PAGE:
Like many of his party’s voters, who hail mainly from the Middle East and North Africa, Margi was born in Morocco. After his family moved to Israel, he grew up in one of Be'er Sheva's most destitute neighborhoods, one of nine children. Coming of age in Israel’s periphery, he says, may explain his out-of-the-box views. “People in this country don’t understand that there’s a big difference between haredim [ultra-Orthodox] from the big cities, like Jerusalem and B’nei Brak, and those from the outlying areas of the country,” he says. “It’s an entirely different world.”

After serving in the army, he trained as a tax consultant but was best known in the neighborhood as a social activist. Precisely for that reason, he was aggressively recruited by Shas when the party was formed in the mid-1980s. “It wasn’t that I decided to go into politics,” he recalls, “it was they who came after me.” After serving in various party functions at the municipal level, he joined the Knesset in 2003 and has served there ever since. Married with two children, Margi lives today in an agricultural community just outside Be'er Sheva where in his spare time, he says, he devotes himself to gardening and poetry writing. “

Make no mistake. On issues that are at the heart and soul of Israel’s religious establishment, Margi is careful to toe the party line. For example, even though most couples marrying in Israel are not observant, he believes the Orthodox-controlled Chief Rabbinate should maintain its control over marriage laws in the country. That does not mean there is no room for improvement. “Everyone knows we have a problem on our hands,” he acknowledges. “There’s lots of dissatisfaction with the system, and I would be the last person to say it’s perfect. There’s a lot more that can be done to make it friendlier and more accommodating to young couples. But let’s face it – with all the dissatisfaction, the lion’s share of young couples still come to the rabbinate to get married.”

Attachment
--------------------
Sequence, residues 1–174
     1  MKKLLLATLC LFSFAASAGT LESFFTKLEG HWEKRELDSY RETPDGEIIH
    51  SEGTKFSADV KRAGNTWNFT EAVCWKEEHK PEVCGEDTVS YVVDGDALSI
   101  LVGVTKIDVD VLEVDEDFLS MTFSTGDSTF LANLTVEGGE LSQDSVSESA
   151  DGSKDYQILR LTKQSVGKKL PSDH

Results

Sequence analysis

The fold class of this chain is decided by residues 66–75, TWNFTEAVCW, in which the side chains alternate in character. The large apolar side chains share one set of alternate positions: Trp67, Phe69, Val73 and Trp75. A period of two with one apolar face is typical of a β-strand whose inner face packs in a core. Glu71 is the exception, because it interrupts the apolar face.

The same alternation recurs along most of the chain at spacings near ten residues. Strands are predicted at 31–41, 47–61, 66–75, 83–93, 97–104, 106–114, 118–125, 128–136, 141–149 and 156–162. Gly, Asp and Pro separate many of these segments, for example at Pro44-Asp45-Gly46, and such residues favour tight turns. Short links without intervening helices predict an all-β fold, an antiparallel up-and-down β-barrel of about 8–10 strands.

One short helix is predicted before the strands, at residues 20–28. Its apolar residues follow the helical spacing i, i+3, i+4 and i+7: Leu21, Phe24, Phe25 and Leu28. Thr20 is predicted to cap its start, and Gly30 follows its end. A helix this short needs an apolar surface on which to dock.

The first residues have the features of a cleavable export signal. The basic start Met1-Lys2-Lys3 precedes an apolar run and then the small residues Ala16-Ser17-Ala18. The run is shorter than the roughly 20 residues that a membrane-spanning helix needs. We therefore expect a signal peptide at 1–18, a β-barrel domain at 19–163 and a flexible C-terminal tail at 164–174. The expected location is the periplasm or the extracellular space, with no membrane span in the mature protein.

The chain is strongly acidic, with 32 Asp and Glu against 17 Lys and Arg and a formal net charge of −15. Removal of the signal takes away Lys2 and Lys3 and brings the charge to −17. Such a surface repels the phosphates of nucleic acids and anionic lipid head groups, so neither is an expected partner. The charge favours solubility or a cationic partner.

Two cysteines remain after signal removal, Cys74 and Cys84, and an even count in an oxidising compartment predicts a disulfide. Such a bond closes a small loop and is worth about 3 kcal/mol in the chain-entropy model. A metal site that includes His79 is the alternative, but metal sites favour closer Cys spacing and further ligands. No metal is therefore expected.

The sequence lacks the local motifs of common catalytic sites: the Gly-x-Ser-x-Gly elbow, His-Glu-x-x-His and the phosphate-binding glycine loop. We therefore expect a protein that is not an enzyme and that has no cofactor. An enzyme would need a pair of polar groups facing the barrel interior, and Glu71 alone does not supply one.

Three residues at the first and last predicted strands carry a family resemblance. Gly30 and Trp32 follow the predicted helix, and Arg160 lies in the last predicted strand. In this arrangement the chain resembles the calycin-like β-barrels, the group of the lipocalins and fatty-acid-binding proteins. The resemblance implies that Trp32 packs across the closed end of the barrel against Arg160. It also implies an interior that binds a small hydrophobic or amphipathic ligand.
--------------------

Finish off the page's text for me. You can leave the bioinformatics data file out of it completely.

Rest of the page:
On the touchy subject of conversion, he prefers to focus, as he puts it, on the half glass that is full. In other words, if out of the 1.1 million Russian-speakers who immigrated to Israel since the early 1990s, “only” 300,000 have not been recognized as Jews by religious law, to Margi’s mind, that is evidence that the Chief Rabbinate has done a fantastic job of getting all the rest through the system. “It’s important that people realize that to become Jewish, there has to be a basic minimum they’re willing to do. Perhaps more could be done to make the process smoother, but to see this as the root of all evil in Israeli society? That’s crazy.”

How does someone who opposes excluding women from the public sphere, as he noted in the Jewish Pluralism Watch survey, accept the exclusion of women from his own political party? “Give it time,” Margi says. “It’s a process. Personally, I don’t have a problem with women in the party, and I venture to say that in 10, 15, maybe even 20 years, it will happen.”

In fact, he discloses, some of his best friends in the Knesset are women. “You’d be surprised, but I’m talking about women from Meretz and Yesh Atid,” he says, referring to two secular parties.

Asked if gays would find themselves welcome in his own synagogue, Margi responds without hesitation: “As long as they don’t wear a sign declaring their sexual preference, why not? In fact, they would be probably be invited to read from the Torah and welcomed with a kiss.”